Fans of the Beat Generation will have shivered at the recent headline ‘Nigel Farage to go ‘on the road’ with Leave group’.
What could Jack Kerouac, a big drinker with a foreign-sounding surname who spent much of his time in the company of outsiders, lunatics and tramps, possibly have in common with Nigel Farage?
Rather than hitch-hiking, the nicotine-stained man-frog will tour the country in support of the Leave Means Leave campaign. ‘A battlebus has already been hired,’ he said, holding out the possibility that (with apologies to the Rutles) the whole thing can be billed as the ‘Tragical History Tour’.
Perhaps the most surprising part of Farage’s statement were its concluding words: ‘I’m back.’ From where, exactly? With his five shows a week on LBC, his weekly Telegraph columns and his regular appearances on Sky News, Good Morning Britain et al, the NSMF hasn’t exactly been in hiding. Except, of course, from the EU Parliament, where his abysmal record of taking part in votes places him 748th among 751 MEPs.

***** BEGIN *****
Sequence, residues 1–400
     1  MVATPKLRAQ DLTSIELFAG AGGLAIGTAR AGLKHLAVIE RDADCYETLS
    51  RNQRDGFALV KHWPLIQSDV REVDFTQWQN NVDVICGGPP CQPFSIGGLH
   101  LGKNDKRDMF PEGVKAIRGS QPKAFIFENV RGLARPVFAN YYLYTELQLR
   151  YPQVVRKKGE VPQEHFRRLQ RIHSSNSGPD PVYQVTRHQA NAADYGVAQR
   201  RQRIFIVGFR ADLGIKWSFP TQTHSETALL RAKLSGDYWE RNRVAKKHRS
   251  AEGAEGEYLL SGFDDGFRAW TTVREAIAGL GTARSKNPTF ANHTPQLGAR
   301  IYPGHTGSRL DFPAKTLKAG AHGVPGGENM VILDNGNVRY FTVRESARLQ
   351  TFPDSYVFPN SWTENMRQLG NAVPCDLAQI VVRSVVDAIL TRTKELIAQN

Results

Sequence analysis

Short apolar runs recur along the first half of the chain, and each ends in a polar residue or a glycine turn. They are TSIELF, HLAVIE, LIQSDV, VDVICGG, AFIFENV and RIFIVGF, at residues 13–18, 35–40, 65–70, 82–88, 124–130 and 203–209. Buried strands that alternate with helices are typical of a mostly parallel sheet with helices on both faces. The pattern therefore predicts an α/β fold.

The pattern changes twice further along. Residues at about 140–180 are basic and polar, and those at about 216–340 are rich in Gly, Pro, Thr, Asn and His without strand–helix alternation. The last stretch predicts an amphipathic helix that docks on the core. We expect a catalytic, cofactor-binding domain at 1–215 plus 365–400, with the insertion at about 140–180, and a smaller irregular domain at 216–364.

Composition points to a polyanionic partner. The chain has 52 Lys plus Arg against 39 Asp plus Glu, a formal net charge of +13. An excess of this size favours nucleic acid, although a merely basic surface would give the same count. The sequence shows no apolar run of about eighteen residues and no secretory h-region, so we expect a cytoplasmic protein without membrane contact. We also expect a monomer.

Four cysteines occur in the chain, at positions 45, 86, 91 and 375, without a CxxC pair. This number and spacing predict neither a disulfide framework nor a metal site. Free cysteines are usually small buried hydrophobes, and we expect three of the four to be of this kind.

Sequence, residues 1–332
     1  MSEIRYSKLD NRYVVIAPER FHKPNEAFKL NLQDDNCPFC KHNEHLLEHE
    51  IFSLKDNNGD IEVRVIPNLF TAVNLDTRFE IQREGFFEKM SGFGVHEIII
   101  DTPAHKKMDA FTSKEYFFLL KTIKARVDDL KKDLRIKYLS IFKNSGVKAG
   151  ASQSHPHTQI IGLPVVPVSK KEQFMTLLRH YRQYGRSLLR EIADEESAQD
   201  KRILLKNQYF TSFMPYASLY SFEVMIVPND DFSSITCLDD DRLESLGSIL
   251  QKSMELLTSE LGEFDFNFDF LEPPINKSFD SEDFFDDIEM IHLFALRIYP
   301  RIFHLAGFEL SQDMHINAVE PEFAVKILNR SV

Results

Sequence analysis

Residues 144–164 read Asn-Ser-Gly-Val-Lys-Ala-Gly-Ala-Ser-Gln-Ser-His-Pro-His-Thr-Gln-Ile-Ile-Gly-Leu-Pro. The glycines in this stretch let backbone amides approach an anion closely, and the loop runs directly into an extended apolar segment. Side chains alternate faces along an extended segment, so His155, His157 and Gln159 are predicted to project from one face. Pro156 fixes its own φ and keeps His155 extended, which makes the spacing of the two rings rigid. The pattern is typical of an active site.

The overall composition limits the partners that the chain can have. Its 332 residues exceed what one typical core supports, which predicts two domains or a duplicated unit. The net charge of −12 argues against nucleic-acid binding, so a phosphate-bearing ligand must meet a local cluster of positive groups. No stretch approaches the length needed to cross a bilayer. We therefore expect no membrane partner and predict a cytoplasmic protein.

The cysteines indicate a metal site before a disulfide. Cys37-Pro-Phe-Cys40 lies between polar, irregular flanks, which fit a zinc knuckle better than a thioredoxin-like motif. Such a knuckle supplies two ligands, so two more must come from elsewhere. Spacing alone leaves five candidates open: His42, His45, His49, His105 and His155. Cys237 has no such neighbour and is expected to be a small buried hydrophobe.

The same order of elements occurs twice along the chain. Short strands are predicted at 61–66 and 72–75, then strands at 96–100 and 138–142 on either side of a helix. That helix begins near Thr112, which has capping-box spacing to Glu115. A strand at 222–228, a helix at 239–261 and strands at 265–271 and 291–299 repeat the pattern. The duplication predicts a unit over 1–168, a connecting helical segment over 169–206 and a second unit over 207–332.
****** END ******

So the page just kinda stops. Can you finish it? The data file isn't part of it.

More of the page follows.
So the man who has been here the whole time is coming back. One of his key supporters is Richard Tice, an ardent Brexiteer who holds out hope that he should be the Tories’ next candidate for London mayor despite the capital voting 60%-40% for Remain.
Another backer is John Longsworth, who was part of the recent delegation to Brussels which gave Michel Barnier a hamper of great British products as a warning against underestimating our place in the world. The hamper contained Marmite (invented by a German) and PG Tips tea (both produced by Anglo-Dutch firm Unilever), as well as a book about Winston Churchill (who espoused a federal Europe) and products by Hendrick’s and Fortnum and Mason, two businesses who have expressed huge concern at Brexit.
But then what was it Kerouac wrote in On The Road? ‘The only people for me are the mad ones.’